Cablegate: Volunteerism and Community Service in Spain

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R 170607Z AUG 09



E.O. 12958: N/A

1. Summary: Volunteer activity is increasingly common in Spain,
although there are lingering historic, social and cultural factors
that affect the ability/willingness of individuals to engage in or
initiate activities. This report provides an overview of Spanish
volunteerism and charitable activity. It outlines Spanish
government support for volunteerism and identifies key ministries
involved in program support. A review of the political parties,
private sector, education system, press, and non-governmental
organizations highlights the broad range of civil society activism.
End Summary.

2. Volunteer activity is increasingly common in Spain, although
there are lingering historic, social and cultural factors in play
that affect the ability/willingness of individuals to engage in or
initiate activities. Community service and social assistance are
closely-linked and typically regarded as a government responsibility
in Spain. Instead of organizing discreet volunteer activities to
"fill a perceived gap", many Spaniards might lobby for the
government or a NGO to provide a needed social service, believing
that it would also create a job opportunity as well. While the
Church may not be deemed primarily responsible for charitable
initiatives, its role is often assumed, especially given the
Catholic Church's historically prominent role in Spanish society.
Also, Spanish law requires financial institutions to set aside a
percentage of profits to fund social welfare institutions, thereby
reducing the inclination of private citizens to devote their leisure
hours to volunteerism. Some social commentators attribute the lack
of widespread volunteerism to the long-term effects of the Spanish
Civil War. Many people participated in civic action groups
affiliated with political parties during the 1920s and 30s, only to
face severe repression as territories and allegiances shifted during
the war years. During the Franco dictatorship, there were similar
disincentives for citizens to initiate volunteer activity, outside
of officially sanctioned programs by the central government or the
predominant Catholic Church. Reliance on government assistance
combined with cultural norms results in a disinclination toward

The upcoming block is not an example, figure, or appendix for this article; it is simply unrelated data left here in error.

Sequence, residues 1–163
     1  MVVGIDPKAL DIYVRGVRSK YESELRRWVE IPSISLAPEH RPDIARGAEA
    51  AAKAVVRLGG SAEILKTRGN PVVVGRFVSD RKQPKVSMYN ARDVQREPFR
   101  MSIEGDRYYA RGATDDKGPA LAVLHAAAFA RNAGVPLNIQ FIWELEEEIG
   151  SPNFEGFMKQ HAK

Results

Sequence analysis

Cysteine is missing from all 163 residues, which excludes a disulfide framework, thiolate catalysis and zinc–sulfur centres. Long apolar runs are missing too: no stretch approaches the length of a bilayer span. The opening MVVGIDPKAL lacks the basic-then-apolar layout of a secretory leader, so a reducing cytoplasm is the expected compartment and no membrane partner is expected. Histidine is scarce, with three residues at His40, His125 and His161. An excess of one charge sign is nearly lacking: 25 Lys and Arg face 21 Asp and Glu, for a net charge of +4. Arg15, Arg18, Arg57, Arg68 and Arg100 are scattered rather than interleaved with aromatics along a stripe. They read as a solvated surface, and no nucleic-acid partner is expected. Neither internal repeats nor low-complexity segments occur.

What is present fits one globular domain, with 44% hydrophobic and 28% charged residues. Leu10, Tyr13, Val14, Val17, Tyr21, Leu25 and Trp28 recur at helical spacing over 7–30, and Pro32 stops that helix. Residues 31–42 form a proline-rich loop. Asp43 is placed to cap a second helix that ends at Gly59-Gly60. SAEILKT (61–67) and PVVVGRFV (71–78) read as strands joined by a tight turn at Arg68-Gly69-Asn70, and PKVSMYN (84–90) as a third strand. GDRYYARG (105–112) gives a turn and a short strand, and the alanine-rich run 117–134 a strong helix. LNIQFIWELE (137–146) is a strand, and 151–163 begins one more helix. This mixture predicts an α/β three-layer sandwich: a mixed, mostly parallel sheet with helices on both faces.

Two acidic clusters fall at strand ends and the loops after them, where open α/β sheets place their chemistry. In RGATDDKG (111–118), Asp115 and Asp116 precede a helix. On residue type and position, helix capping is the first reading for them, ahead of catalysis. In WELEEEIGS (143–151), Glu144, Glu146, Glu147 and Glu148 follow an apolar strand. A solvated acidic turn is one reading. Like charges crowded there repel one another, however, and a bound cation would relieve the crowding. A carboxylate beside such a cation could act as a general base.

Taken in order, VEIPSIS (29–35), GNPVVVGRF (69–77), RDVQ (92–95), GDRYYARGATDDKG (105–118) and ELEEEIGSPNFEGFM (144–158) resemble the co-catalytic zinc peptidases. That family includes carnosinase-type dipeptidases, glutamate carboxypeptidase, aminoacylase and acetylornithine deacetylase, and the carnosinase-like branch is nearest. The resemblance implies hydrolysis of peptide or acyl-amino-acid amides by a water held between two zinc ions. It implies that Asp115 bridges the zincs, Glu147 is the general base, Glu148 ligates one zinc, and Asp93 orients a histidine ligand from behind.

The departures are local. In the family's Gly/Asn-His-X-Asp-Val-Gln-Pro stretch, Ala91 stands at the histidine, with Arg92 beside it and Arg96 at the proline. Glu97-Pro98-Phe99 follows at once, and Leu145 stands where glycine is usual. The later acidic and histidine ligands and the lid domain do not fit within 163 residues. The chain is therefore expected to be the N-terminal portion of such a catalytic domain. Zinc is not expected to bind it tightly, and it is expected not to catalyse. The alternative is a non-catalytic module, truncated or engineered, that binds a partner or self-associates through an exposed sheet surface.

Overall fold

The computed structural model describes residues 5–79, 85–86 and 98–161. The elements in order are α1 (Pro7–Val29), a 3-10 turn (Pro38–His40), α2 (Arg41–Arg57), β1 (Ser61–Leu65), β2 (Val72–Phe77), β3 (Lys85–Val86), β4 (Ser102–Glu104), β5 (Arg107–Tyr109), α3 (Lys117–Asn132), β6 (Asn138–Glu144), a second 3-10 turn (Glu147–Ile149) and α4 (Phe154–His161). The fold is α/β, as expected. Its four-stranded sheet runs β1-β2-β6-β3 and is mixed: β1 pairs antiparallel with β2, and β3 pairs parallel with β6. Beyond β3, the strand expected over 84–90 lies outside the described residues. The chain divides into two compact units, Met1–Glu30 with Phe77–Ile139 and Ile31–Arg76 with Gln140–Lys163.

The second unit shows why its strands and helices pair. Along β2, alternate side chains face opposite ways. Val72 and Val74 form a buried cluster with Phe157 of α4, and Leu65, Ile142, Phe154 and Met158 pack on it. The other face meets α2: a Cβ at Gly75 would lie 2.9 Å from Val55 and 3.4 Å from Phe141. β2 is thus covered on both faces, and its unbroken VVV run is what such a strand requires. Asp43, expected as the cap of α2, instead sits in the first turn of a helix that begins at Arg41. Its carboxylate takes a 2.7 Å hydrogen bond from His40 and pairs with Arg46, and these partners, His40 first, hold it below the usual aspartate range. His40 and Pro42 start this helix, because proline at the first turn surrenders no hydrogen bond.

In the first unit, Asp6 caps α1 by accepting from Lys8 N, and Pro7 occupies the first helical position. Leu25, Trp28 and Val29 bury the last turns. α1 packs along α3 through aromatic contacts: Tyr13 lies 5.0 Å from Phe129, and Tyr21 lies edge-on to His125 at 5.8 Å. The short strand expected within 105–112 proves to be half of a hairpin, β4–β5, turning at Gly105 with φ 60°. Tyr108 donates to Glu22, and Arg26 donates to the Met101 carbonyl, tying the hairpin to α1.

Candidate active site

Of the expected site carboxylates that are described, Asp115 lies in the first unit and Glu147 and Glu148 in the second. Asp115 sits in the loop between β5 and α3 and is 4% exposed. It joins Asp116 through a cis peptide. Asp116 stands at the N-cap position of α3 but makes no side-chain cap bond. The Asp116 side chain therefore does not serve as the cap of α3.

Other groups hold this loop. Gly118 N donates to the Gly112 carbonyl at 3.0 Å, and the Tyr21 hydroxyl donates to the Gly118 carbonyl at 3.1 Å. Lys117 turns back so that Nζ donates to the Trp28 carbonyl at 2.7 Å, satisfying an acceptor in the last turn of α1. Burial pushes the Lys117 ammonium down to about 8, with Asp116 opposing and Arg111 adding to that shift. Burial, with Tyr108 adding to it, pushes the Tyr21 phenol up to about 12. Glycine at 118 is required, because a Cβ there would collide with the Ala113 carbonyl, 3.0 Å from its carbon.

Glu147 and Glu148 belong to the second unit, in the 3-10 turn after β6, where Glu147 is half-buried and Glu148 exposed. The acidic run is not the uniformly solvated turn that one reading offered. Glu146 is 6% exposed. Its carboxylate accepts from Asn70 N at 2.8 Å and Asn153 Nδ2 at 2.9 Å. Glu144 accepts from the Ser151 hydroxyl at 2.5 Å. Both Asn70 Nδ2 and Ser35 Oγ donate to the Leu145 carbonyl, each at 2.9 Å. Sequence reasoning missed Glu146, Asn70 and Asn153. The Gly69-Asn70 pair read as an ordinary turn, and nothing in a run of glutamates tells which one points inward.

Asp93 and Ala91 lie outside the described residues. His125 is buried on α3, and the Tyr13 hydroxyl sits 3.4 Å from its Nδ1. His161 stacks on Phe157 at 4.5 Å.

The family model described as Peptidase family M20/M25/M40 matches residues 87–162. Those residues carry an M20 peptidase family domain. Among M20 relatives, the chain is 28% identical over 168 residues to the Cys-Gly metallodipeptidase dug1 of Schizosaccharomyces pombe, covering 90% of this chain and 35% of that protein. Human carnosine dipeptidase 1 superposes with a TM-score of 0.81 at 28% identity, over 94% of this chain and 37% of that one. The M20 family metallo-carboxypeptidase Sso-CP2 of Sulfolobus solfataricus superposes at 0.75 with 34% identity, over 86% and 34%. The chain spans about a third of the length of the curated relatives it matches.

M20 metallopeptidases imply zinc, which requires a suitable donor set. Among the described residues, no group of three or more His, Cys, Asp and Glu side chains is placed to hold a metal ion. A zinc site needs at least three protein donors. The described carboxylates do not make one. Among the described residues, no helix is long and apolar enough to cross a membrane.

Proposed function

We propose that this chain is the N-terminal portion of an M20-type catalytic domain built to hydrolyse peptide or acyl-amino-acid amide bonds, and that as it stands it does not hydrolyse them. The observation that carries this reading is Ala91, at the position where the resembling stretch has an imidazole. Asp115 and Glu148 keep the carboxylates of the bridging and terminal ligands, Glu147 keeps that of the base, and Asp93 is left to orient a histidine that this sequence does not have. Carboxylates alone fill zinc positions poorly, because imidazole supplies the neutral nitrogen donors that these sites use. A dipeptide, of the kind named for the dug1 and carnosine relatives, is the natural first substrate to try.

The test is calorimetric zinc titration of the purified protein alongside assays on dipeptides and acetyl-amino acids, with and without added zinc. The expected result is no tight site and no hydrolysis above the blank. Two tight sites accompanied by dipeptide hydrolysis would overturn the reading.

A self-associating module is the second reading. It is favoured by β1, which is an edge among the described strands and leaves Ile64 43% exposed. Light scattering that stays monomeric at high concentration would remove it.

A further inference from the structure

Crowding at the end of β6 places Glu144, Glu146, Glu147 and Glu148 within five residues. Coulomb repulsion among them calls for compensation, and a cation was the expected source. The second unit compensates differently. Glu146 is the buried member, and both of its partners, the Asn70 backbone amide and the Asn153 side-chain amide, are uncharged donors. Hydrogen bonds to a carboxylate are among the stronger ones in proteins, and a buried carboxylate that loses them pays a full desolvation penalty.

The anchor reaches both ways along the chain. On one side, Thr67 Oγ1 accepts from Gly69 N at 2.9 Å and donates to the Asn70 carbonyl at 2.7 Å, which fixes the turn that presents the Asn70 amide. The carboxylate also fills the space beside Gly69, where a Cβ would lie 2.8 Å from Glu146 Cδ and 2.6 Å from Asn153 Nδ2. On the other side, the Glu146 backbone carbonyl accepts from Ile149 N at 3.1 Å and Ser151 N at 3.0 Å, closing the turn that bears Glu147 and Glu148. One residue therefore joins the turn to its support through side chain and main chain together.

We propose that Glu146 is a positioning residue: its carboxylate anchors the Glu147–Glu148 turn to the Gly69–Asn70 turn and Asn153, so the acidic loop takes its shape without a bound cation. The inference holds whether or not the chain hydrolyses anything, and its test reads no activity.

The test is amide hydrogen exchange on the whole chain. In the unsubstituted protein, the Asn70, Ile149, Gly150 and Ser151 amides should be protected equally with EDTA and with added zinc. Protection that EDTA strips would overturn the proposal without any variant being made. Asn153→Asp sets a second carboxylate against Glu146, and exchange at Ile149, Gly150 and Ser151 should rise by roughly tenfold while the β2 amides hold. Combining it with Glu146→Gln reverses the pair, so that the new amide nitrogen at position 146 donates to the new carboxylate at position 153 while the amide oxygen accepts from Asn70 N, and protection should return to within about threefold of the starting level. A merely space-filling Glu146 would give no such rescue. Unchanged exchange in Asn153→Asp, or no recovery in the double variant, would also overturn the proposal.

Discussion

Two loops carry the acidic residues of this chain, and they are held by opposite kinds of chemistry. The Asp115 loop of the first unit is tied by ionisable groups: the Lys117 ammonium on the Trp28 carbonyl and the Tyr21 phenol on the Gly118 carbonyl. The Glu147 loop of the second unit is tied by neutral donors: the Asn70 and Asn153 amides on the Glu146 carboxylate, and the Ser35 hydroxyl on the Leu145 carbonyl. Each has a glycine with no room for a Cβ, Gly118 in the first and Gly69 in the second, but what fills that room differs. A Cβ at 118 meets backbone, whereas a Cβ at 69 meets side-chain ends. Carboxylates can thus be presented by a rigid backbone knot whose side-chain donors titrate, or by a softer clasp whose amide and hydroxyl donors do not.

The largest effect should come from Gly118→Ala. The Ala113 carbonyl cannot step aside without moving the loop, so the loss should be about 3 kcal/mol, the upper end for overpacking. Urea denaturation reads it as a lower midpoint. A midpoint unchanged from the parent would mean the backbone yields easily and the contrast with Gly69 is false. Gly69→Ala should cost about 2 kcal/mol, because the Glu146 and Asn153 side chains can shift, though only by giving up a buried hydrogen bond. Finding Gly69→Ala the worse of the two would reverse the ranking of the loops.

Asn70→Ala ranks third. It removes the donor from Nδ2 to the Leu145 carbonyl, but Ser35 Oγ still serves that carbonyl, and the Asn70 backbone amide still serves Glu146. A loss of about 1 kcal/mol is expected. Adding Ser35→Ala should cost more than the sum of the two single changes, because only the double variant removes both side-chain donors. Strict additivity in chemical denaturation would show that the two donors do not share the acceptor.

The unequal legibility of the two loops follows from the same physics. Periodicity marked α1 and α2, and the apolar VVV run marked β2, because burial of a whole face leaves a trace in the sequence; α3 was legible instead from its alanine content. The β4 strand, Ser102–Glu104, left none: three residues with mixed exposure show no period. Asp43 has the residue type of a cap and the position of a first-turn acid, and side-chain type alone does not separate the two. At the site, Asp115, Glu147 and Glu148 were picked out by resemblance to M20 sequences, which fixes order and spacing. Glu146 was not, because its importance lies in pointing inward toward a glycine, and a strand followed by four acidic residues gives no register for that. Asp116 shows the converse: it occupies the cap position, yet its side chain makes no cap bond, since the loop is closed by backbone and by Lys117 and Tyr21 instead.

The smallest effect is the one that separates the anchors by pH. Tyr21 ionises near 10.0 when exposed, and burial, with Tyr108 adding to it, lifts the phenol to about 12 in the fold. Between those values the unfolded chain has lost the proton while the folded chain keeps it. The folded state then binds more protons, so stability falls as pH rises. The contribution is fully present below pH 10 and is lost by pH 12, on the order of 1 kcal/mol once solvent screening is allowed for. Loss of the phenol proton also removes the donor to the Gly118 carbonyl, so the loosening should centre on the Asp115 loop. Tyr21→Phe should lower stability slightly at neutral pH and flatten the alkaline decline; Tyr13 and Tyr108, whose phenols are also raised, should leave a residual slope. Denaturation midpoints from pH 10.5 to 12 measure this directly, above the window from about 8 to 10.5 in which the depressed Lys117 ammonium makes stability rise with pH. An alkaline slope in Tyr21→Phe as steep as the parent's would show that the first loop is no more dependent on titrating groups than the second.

regular volunteer activity. Other factors include common strong
family ties whereby people have obligations with their parents and
grandparents during weekends and other free time that might
otherwise be devoted to volunteer activity. Similarly, many people
remain close to their place of birth as they enter the work force.
Therefore, they may not seek out volunteer opportunities as a way of
entering a new community, making new friends or acquiring new

3. Spaniards understand the concept and value of volunteerism and
almost everybody knows somebody who has volunteered. However, many
say that they do not volunteer on a regular, formal basis. For
example, unlike in the U.S. and other European countries, for
Spaniards entering the job market, volunteer work is not a valued
addition to one's resume when seeking employment. The typical
volunteer profile generally consists of youth/university students
interested in community activism, members of a religious community
motivated by charitable works, or wealthy patrons subsidizing
charitable organizations with financial contributions.

4. A study by Universidad de Zaragoza professors claims that 17.6
percent of the citizenry has participated in volunteerism in Spain
and that one in four employed Spaniards work in the civil society or
NGO sector, as opposed to the private or public sectors. However,
this statistic is easily misinterpreted -- one in six people
volunteering once in his/her life does not necessarily signify a
strong volunteer environment in Spain. The survey reflects the
occasional participation of Spaniards in community service
activities. Volunteerism takes many forms. For example, Spain has
several programs in which families bring disadvantaged youth or
refugee children (from Western Sahara, Eastern Europe, Palestine,
Sub-Saharan Africa, etc.) to live in their homes for 6-8 weeks each
summer. Umbrella organizations organizing the homestays include:
Paz Ahora, Movimiento Contra La Intolerancia, Sunrise Africa, and
Infancia Solidaria.

5. While most Spaniards do not actively volunteer, there are
opportunities available. The number of NGOs has increased
exponentially since the 1980s and since the 1990s the Spanish
government has institutionalized support for volunteerism. In 1980
there were 10 registered NGOs operating in Spain. According to a
recent article published by Europa Press, there are currently 400